Each of the eight grantees visited has successfully built full-day services for a group of Head Start children. The directors of the wraparound and wrap-in programs believe that their services meet Head Start Performance Standards throughout the day; the director of the connected care model strives to build partnerships with high-quality providers but does not always succeed because of the relatively low reimbursement rate she is authorized to pay.
Grantee staff reported their solutions to the issues of structuring group learning activities in the afternoon, conducting all required home visits, involving parents in the program, providing training to classroom staff, scheduling the work hours of classroom staff to cover the full day, managing multiple funding sources, and creating lasting interagency collaborations. Potential barriers in the funding area were the most significant for grantees, including the loss of a child's eligibility for funding due to a change in parental status, problematic cash flow when funding sources reimbursed expenditures, and insufficient revenues to cover costs. At the least, grantee staff work closely with staff from other funding sources to ensure the necessary cash flow. When it is possible, grantees create agreements for payment of services that ease the burden on them (e.g., arrangements that divide the costs among agencies so line items need not be allocated, agreements that cost allocation for each line item should follow a single formula, or an agreement that costs need not be allocated at all).
One common characteristic of these grantee directors was a willingness to question "the system." If they faced a barrier to the delivery of high-quality services to children and families, they found a way to overcome it. Most have the energy and ability of entrepreneurs to build a successful venture and keep on striving to make it all it can be — the best possible service for children and families.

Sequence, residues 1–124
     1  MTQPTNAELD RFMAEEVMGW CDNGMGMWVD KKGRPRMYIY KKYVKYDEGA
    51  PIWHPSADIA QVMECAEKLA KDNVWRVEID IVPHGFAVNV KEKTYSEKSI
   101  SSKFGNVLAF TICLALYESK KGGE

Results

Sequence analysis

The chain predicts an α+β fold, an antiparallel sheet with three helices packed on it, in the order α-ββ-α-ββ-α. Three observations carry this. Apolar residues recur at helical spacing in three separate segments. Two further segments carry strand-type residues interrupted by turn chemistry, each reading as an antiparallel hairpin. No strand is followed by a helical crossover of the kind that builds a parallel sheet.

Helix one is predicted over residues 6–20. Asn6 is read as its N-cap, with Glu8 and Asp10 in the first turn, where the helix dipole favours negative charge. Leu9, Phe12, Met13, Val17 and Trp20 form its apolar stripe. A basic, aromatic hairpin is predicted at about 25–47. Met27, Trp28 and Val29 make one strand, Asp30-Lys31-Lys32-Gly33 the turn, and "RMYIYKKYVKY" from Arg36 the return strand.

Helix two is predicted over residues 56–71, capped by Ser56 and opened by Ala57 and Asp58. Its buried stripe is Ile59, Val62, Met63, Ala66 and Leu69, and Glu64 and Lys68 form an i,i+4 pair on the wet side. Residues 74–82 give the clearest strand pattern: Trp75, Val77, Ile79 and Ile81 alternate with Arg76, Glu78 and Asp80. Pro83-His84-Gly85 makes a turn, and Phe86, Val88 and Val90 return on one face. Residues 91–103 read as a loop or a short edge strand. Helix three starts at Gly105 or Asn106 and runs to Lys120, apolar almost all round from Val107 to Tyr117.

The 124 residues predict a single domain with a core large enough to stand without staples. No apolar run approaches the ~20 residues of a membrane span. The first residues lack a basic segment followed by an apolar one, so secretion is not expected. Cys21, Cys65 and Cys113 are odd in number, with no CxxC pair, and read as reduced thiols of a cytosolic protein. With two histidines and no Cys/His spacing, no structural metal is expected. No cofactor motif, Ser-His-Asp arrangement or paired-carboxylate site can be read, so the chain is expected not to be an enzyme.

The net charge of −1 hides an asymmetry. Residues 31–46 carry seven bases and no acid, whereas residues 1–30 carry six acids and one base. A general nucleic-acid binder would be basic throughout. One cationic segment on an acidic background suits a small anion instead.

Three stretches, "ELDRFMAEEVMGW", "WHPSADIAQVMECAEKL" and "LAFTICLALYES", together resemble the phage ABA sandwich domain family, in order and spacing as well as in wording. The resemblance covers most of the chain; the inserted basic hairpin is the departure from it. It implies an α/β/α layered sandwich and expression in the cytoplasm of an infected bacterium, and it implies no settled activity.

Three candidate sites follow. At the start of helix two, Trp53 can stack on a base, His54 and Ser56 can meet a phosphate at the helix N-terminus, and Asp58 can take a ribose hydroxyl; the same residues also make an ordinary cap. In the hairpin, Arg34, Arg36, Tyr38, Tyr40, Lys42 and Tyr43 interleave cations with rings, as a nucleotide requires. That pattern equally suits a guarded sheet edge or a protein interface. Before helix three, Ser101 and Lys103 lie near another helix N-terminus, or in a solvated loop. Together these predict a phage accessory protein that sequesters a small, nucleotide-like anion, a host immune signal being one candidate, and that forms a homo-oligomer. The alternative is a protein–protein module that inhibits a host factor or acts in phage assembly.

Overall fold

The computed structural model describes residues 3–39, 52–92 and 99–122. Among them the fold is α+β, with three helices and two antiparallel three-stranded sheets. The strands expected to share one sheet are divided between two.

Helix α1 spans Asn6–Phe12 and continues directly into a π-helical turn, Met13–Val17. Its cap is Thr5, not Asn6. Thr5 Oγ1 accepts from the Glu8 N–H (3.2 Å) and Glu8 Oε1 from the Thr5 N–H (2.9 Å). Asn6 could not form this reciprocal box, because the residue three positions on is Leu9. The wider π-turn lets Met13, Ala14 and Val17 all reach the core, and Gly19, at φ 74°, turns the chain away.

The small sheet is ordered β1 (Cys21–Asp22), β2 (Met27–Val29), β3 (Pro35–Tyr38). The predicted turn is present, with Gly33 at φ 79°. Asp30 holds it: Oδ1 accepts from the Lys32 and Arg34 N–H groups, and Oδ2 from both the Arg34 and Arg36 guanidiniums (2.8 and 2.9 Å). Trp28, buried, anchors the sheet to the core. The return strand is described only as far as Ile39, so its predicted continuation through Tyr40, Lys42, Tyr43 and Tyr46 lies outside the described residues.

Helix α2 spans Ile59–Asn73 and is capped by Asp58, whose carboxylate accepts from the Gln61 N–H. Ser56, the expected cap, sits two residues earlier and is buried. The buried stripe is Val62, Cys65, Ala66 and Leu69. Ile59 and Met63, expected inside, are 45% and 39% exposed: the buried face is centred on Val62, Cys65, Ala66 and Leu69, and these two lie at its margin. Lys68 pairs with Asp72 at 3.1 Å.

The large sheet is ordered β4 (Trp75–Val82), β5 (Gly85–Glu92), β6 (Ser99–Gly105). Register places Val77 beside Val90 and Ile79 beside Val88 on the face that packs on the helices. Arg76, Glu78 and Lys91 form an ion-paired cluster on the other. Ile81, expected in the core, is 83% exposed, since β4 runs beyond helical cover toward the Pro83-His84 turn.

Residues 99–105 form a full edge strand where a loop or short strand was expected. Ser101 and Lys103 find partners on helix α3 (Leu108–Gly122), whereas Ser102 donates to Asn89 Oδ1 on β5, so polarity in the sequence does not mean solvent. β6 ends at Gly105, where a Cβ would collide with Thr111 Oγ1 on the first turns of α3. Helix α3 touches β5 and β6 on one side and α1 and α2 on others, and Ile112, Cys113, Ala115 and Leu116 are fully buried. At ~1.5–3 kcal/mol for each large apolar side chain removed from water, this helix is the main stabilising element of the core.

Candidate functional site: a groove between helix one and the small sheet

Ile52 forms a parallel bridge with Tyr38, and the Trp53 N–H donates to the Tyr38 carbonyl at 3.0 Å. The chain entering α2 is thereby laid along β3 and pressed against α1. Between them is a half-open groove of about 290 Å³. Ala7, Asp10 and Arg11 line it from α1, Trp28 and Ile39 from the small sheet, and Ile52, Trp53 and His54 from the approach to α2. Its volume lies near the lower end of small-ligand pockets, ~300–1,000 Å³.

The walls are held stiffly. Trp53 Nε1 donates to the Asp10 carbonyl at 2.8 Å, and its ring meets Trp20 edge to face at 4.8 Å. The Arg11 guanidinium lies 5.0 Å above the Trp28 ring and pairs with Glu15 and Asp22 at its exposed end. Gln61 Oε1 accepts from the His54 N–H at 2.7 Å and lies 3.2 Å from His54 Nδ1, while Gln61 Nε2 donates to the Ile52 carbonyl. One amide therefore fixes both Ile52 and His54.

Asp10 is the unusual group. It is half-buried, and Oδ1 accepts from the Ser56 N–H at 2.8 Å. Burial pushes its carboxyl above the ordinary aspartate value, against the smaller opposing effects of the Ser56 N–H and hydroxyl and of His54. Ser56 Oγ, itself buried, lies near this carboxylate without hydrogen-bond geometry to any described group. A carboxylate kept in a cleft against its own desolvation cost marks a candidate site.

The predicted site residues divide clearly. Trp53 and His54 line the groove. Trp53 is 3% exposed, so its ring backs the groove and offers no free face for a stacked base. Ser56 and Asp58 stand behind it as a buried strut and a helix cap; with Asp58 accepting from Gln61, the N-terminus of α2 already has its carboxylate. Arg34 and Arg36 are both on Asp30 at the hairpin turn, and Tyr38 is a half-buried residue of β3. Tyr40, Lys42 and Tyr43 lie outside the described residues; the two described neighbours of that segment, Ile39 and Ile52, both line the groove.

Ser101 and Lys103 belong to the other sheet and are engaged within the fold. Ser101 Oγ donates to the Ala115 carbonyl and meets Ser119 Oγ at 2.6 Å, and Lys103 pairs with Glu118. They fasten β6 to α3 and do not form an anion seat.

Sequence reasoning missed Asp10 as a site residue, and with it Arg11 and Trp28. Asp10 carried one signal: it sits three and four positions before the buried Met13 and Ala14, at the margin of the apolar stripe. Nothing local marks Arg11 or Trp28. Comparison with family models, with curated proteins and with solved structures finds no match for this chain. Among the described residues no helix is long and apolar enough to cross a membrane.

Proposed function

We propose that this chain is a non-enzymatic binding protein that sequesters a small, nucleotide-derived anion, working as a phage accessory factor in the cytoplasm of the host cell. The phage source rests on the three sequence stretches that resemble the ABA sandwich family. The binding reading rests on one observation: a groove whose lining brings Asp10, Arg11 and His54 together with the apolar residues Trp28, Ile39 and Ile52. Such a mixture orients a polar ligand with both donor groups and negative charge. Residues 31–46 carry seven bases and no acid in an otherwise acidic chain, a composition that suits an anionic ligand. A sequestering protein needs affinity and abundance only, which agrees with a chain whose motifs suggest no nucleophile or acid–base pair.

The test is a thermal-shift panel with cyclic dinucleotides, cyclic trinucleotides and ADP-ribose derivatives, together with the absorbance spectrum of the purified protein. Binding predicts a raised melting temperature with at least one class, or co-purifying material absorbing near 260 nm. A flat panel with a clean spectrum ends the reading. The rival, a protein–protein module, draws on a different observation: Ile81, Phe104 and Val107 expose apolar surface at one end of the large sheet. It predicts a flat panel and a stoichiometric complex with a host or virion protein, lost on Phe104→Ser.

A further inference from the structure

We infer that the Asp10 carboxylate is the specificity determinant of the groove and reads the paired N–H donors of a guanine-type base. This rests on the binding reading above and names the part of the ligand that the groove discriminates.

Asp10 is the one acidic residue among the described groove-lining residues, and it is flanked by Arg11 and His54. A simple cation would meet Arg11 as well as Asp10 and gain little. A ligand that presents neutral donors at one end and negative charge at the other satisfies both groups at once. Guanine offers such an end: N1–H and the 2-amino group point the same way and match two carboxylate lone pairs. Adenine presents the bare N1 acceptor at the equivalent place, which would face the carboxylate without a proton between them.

In all likelihood, Head Start programs across the country will be following in the footsteps of the eight grantees that we visited as they forge partnerships with other agencies and programs to offer full-day services to their families. Throughout this process, grantees will be looking toward the Federal office for guidance in designing and supporting these new efforts. This study provides information about the barriers to service provision that are associated with three different approaches to providing full-day services. Exhibit 5, which summarizes some of the main findings from this study, was designed to assist policymakers in thinking about the characteristics of each model and their implications for both the grantees and Federal staff.